The sexual harassment lawsuit filed against Huntington Town Supervisor Chad Lupinacci is scheduled for its first court date, lawyers said.
Attorneys from each side will meet in State Supreme Court in Riverhead on Thursday for a preliminary conference to discuss discovery and deposition dates.
Northport resident Brian Finnegan, 27, sued Lupinacci, a former state assemblyman, in December 2018 alleging his then-boss sexually harassed him and assaulted him in an Albany hotel room in 2017.
“Over the past year there has been further investigation into evidence that strengthens and corroborates Mr. Finnegan’s claims against Mr. Lupinacci,” said Finnegan's attorney Imran H. Ansari, of Aidala, Bertuna & Kamins P.C. “Armed with this evidence, we are seeking a court conference order so we may aggressively pursue discovery from Mr. Lupinacci and prosecute the claims Mr. Finnegan has made against him.”
In February 2019, Lupinacci filed a counterclaim denying all the allegations and sued for slander and defamation and is seeking $1 million in punitive damages.
“The case has laid dormant for nearly a year because the plaintiff has shown no interest in litigating it,” said Lupinacci’s attorney, Mary Ellen Donnelly of Putney, Twombly, Hall and Hirson LLP. “Mr. Lupinacci denies the allegations in the complaint in their entirety. He has counterclaims against the plaintiff and intends to vigorously defend this matter, as he looks forward to being vindicated as soon as possible.”
Finnegan worked for Lupinacci for three years while he represented District 10 in the Assembly. He said verbal harassment — in the form of inquiries about his sex life — began almost immediately after he started as a legislative aide and culminated when Lupinacci performed a sex act on him without his consent in 2017.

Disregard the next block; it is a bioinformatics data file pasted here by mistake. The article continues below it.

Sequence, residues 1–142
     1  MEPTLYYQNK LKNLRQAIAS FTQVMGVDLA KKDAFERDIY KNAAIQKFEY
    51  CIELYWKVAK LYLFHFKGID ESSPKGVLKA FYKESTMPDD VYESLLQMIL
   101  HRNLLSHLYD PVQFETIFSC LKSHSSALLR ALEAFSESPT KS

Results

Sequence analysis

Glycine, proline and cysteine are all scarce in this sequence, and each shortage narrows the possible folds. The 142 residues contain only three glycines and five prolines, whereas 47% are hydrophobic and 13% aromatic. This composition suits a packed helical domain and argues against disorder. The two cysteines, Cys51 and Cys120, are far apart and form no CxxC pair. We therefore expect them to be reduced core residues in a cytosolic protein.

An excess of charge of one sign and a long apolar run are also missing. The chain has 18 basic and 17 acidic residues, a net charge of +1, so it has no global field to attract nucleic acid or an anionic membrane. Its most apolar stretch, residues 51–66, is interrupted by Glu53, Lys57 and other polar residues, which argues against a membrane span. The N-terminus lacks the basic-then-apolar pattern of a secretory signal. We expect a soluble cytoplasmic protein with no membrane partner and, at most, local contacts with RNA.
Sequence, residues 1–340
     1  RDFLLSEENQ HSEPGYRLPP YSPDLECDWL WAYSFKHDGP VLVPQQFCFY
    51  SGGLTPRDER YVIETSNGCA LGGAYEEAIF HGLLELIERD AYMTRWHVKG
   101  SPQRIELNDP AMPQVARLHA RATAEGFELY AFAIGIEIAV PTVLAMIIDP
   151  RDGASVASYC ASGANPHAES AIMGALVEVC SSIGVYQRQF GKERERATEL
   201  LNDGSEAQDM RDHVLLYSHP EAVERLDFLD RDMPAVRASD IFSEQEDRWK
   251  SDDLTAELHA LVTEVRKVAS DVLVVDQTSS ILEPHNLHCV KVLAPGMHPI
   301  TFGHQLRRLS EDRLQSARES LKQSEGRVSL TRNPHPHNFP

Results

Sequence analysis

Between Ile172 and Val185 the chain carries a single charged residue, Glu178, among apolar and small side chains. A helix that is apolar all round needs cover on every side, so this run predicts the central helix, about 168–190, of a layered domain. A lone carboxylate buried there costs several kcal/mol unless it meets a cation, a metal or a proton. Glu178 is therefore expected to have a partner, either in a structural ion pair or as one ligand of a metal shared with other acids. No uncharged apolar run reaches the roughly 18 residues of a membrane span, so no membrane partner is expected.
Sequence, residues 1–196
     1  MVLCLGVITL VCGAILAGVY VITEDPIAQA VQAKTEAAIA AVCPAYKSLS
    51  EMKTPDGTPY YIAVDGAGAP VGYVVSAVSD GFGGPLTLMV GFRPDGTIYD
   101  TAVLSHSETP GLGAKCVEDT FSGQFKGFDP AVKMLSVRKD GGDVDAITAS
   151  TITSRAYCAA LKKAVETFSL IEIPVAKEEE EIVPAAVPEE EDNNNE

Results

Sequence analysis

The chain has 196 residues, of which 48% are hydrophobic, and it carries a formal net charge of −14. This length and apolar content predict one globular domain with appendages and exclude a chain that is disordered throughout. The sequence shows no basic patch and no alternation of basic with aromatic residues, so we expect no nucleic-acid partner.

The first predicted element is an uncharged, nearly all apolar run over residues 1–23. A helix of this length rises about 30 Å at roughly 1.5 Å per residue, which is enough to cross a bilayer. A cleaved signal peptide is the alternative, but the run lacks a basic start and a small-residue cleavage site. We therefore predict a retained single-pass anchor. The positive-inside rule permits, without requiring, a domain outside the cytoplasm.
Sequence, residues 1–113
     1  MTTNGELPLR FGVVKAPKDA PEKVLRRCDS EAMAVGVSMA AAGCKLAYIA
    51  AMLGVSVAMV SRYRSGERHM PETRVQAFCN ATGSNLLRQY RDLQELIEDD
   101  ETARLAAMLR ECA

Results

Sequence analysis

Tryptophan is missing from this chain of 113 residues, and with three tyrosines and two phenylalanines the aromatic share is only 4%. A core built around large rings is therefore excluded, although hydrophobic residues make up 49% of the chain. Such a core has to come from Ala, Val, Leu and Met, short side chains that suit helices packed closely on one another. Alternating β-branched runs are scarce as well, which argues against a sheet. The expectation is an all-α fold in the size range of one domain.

According to Finnegan’s lawsuit, on Dec. 5, 2017, Finnegan woke up "several times" between 2 and 5 a.m. in an Albany hotel room he was sharing with Lupinacci — with whom he traveled to help clean out his office — and saw him "standing and leaning over him."
Lupinacci told Finnegan they had to share a hotel room for budgetary reasons.
On some of those occasions, the lawsuit said, Finnegan woke to find Lupinacci, who had been "intoxicated" earlier in the night, touching the zipper of the suit pants in which he had fallen asleep.
On Dec. 13, 2017, the two shared another hotel room while working in Albany. According to the lawsuit, Finnegan woke up in his hotel bed at about 2:30 a.m. and "noticed that his underwear and body parts were out of place." The suit alleges that Lupinacci performed a sex act on Finnegan.
Finnegan said he quit his job as Lupinacci's chief of staff days after the alleged assault and decided not to take a promised six-figure job as an executive assistant and senior adviser to Lupinacci, who had just been elected Huntington town supervisor.
Ansari said any “pause” in the case was because his office continued to gather evidence to support Finnegan’s allegations.
“We particularly look forward to deposing Mr. Lupinacci and questioning him on his actions and confronting him with the evidence that corroborates Mr. Finnegan's claims," Ansari said.
Finnegan now works as the chief of staff at Todd Shapiro Associates, a Manhattan public relations firm whose clients include several local governments and private entities on Long Island. Finnegan is the nephew of former White House communications director Bill Shine.
The lawsuit seeks unspecified monetary damages, including back pay and benefits, alleging that Lupinacci engaged in "multiple incidents of unprofessional, abusive, sexual and offensive conduct."